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Bought a New Metal Lathe Anyone else into machining


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I got my lathe set up yesterday. I've never turned anything before. I've jumped in head first. I've always wanted to start machining. Got a grizzly g0752 variable speed 10"x22"

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Fazzman!

Actually I've turned a few things from brass, aluminum, steel, just to make a few things for myself. Used an old tradeschool one a buddy has, forget the manufacturer. Definitely like doing it, like turning wood better though.

Pretty sweet you got that for yourself, what did that cost you?

Sent from my XT1585 using Tapatalk

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Something I always wanted to do. Never had a chance. Shop ones were broken at the HS underfunded shop (until this year, they just got some grant from the state and so now my lucky younger brothers get to play with brand new everything, Lincoln gave them all free helmets, new welders, Genie the terex company gave them a bunch of stuff and they just got all new saws and a half million dollar snap-on tool set with the RFID tool tracking boxes) Back on topic, I want to do some of this but no time no money and no equipment.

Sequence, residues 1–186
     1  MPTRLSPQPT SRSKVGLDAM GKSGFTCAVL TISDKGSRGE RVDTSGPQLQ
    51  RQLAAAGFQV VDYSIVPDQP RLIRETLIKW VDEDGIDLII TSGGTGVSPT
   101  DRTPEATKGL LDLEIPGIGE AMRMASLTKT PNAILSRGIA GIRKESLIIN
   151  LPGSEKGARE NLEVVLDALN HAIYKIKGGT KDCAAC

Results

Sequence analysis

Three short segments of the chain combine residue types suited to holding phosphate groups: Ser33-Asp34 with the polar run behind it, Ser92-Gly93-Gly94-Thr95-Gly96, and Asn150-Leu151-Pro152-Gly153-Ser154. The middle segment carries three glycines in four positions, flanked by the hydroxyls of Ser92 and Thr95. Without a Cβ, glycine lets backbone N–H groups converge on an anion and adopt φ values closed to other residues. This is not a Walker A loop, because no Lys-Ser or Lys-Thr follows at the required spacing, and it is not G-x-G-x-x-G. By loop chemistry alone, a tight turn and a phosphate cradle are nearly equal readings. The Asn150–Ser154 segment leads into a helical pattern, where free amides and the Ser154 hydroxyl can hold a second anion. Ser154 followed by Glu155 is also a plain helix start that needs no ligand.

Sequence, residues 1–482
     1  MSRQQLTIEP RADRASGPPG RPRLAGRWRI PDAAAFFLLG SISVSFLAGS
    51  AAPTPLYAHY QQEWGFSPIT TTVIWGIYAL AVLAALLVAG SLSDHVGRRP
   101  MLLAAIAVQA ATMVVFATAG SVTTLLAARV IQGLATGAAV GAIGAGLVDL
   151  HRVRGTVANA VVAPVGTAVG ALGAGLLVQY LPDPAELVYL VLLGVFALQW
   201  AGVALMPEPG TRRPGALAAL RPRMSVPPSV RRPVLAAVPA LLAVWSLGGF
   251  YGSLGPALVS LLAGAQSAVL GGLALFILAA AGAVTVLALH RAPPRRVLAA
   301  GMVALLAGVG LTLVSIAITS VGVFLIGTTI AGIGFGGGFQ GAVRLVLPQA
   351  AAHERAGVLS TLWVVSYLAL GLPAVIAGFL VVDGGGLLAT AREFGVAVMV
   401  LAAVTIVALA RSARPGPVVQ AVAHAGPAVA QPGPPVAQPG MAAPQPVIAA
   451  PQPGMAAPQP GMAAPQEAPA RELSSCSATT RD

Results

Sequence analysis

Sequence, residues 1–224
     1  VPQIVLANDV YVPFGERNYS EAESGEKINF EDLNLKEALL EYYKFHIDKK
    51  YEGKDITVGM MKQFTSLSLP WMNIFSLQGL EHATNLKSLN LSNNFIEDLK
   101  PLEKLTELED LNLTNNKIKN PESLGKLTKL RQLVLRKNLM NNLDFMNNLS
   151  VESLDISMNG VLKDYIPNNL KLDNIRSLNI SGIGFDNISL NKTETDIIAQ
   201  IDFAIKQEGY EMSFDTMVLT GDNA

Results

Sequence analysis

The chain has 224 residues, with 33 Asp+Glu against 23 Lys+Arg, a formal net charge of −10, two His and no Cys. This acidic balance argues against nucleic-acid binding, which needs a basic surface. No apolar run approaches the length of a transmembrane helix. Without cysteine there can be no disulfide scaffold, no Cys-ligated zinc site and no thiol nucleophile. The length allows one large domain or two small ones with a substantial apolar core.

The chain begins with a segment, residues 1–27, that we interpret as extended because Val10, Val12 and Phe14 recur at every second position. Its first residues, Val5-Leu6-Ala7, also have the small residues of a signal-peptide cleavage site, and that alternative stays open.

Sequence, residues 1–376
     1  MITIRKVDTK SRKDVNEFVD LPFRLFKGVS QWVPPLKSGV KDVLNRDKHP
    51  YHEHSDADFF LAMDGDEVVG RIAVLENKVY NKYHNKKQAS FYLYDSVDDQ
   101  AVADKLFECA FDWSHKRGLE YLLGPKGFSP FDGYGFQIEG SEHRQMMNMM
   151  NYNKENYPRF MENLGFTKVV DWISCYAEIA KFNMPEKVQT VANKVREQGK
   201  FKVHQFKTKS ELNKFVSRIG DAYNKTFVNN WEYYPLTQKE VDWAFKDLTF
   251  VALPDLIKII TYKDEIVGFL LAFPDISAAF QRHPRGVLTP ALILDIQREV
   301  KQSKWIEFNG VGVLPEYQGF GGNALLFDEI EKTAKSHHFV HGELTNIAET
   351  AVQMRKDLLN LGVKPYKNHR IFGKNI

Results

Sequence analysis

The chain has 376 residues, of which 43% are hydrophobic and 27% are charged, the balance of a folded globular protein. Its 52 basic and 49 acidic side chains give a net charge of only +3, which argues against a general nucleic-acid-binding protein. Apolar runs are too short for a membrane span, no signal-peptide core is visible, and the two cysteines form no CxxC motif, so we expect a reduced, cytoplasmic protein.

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I hear ya.  

It was a pretty penny specially for me!!!! ( I used all of my longevity check from work then put the rest on a paypal credit card with 0.00% interest for 6 months. So it shouldn't be to bad) over  $1,800 with shipping the Table I got a killer deal on for only $50.00.  The guy I bought the table from is a machinist by trade and gave me about $70-$90 worth of dial indicators protractors rulers depth gauges